They discovered that soil organic carbon loss in severely degraded permafrost is associated with increased microbial dissimilarity, thereby potentially contributing to a positive carbon feedback in alpine permafrost on the QTP.

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The results were published in PNAS in an article entitled “Reduced microbial stability in the active layer is associated with carbon loss under alpine permafrost degradation”.

This research was financially supported by the National Natural Science Foundation of China, the Strategic Priority Research Program (A) of CAS and the Second Tibetan Plateau Scientific Expedition and Research Program.

Triggered by climate warming, permafrost degradation may decrease soil carbon stability and induce massive carbon loss, thus leading to positive carbon-climate feedback. However, microbial-mediated mechanisms for carbon loss from the active layer soil in degraded permafrost still remain unclear.

Source: https://bioengineer.org/reduced-microbial-stability-linked-to-soil-carbon-loss-in-active-layer-under-alpine-permafrost-degra/

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Chipmaker TSMC says too early to say on Germany expansion

Taiwan Semiconductor Manufacturing Co Ltd (TSMC) (2330.TW) said on Monday that it was too early to say whether it will build factories in Germany and that talks were in early stages, as the EU seeks to reduce chip imports amid a supply shortage.

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The logo of Taiwan Semiconductor Manufacturing Co (TSMC) is pictured at its headquarters, in Hsinchu, Taiwan, Jan. 19, 2021. REUTERS/Ann Wang

TAIPEI, July 26 (Reuters) – Taiwan Semiconductor Manufacturing Co Ltd (TSMC) (2330.TW) said on Monday that it was too early to say whether it will build factories in Germany and that talks were in early stages, as the EU seeks to reduce chip imports amid a supply shortage.

The European Commission had held discussions with global chip giants, including Intel (INTC.O) and TSMC, as the EU seeks to boost semiconductor production and shield itself from shocks in the global supply chain. read more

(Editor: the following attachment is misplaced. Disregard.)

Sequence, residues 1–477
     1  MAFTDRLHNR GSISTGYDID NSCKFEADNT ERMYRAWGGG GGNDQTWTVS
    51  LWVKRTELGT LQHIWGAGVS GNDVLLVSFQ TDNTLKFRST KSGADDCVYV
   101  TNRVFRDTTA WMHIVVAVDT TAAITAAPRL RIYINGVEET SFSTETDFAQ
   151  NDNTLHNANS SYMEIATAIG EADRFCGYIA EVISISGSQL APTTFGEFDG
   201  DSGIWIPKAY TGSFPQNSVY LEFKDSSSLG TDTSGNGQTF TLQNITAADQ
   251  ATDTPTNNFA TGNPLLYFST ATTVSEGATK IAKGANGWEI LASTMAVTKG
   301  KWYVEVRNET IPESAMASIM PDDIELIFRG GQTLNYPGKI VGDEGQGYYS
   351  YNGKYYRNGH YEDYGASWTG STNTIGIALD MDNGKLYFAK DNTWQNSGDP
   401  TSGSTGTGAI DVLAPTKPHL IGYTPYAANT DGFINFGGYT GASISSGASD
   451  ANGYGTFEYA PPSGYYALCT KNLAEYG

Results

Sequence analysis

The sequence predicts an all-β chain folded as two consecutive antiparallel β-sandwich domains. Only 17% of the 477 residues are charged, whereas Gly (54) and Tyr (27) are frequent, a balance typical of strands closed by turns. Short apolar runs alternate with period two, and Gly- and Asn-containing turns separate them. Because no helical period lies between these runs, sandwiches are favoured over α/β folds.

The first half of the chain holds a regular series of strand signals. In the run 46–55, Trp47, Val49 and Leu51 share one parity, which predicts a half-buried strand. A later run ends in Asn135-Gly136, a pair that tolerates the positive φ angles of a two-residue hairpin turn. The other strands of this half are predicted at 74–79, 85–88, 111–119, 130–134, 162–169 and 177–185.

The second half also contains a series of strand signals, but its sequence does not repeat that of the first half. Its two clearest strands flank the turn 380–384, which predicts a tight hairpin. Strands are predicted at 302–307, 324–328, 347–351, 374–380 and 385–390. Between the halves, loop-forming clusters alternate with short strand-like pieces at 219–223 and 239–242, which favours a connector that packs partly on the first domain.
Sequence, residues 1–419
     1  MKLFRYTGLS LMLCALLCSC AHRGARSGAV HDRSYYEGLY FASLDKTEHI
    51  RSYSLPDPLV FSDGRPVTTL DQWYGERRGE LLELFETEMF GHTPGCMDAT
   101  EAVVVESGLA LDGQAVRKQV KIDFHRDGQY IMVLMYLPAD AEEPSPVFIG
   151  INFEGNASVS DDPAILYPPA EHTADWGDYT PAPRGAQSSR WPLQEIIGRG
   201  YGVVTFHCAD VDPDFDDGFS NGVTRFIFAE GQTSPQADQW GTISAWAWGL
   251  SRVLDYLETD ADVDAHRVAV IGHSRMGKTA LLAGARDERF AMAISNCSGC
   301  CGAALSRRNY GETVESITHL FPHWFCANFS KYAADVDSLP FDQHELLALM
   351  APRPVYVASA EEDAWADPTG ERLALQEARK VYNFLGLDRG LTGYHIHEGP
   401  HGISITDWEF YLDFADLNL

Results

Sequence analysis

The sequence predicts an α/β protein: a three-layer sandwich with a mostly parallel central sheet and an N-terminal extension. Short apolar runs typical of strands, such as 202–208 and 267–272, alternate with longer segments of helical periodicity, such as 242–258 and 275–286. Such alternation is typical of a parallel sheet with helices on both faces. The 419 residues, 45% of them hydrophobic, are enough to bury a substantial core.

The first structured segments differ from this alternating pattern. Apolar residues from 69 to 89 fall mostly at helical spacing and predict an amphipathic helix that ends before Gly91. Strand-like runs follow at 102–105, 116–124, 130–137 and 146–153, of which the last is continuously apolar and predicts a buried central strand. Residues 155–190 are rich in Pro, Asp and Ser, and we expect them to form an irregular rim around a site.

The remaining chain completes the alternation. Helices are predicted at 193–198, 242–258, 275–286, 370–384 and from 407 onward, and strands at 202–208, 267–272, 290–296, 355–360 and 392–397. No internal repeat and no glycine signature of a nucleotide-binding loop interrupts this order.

Taiwan and TSMC, the world’s largest contract chip manufacturer, have become central in efforts to resolve the pandemic-induced chip shortage that has forced automakers to cut production and hurt manufacturers of smartphones, laptops and even appliances.

“We are currently doing reviews on Germany seriously, but it’s still in very early stages,” TSMC chairman Mark Liu told an annual shareholder meeting when asked about building chip fabrication plants in the EU country.

“We continue to communicate with our major clients in Germany to see whether this is most important and effective for our clients,” he said. “It’s too early to say.”

TSMC signalled in July plans to build new factories in the United States and Japan amid concern over the concentration of chipmaking capability in Taiwan, which produces most of the world’s most advanced chips and is geographically close to political rival China. read more

On TSMC’s $12 billion factory in the U.S. state of Arizona, Liu said the expansion would support client demand, especially in infrastructure and national security.

“Clients are the backing of our global expansion. We will move very cautiously,” Liu said, adding that the company’s customers would help share costs of overseas operations.

TSMC announced this year plans to invest $100 billion over the next three years to increase capacity, riding on what it called a “multiple years of growth opportunities”, as the COVID-19 pandemic and new technologies drove global demand for advanced chips.

Reporting By Yimou Lee. Editing by Gerry Doyle

Our Standards: The Thomson Reuters Trust Principles.

Taiwan and TSMC, the world’s largest contract chip manufacturer, have become central in efforts to resolve the pandemic-induced chip shortage that has forced automakers to cut production and hurt manufacturers of smartphones, laptops and even appliances.

Source: https://www.reuters.com/technology/chipmaker-tsmc-says-too-early-say-germany-expansion-2021-07-26/